Finding Peace in Vermont: Addison County

Vermont is peaceful. There is no doubt about it. But the very notion of peace conjures up different things for different people. Some recall the naked hippies at Woodstock back in the day others recall the Dalai Lama’s last visit to Middlebury College.

The Institute for Economics and Peace, however,  has a new definition. In fact, the Institute has a new National Peace Index, the USPI . Vermont is number two in the nation on this index.

The USPI is the first national peace index and is the only statistical analysis that offers a comprehensive nation-wide measurement of crime and its costs to all 50 states.

The index uses five key indicators to measure peace: the number of homicides, the number of violent crimes, the incarceration rate, the number of police officers and the availability of small arms.

USPI results are correlated against a large secondary dataset of economic, educational, health, demographic, and social capital factor, in order to determine the environments which are most closely associated with peace in the U.S. (

If you want a closer look at the data, check out this interactive map. Peaceful states like Vermont have higher volunteerism, higher rates of participatory democracy, higher economic opportunity and higher school spending per pupil. (Vermont by the way, has one of the best high school graduation rates in the nation.)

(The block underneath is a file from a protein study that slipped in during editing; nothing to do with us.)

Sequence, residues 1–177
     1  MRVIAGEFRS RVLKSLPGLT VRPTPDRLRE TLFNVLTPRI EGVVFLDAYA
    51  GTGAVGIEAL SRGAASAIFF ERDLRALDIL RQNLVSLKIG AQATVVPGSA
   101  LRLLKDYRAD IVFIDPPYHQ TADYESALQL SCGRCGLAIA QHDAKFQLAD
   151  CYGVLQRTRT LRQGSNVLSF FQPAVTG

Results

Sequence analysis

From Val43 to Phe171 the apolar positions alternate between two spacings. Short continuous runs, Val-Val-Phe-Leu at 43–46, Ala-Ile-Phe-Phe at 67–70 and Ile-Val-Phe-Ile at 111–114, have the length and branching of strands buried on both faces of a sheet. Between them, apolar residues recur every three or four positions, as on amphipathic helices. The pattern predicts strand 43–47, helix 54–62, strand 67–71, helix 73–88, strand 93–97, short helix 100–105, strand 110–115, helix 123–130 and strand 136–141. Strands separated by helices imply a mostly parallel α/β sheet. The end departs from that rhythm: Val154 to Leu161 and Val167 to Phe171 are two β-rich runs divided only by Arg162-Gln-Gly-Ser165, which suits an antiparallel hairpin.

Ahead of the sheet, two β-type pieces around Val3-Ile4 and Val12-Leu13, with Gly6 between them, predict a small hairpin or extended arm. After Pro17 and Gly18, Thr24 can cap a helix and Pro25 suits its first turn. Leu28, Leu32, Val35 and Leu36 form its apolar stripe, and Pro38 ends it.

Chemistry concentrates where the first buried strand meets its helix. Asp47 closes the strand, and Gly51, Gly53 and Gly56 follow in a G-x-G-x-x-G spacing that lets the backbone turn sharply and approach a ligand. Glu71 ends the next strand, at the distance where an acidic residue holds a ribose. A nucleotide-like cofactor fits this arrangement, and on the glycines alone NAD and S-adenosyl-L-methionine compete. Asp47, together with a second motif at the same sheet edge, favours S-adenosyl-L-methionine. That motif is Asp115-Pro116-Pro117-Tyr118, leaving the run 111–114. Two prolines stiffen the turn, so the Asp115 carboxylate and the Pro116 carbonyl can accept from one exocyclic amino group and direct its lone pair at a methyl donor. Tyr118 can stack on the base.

Peace generates prosperity: According to the index, if all the states in the U.S. had the same level of peacefulness as the most peaceful state of Maine, $274 billion worth of extra economic activity could be generated. This additional economic activity would be enough to generate more than 1.7 million jobs. This is because the cost of violence is high, at about $460 billion with a loss of productivity from violence amounting to $318 billion. Vermont has the lowest burden of violence in the nation, at $188 million. (

Any real estate agent in the country will tell you that Vermont is the very definition of peace. Here peaceful is defined by the number of birds at your feeder and the environment in which your kids attend school. If you want to know how this peacefulness feels, just crank up the Bach cello suites on the stereo and page through these bucolic Addison County properties.

While the naked hippies have found their clothes and now confine their public nudity to remote swimming holes, His Holiness the Dalai Lama will be back in Middlebury this October.

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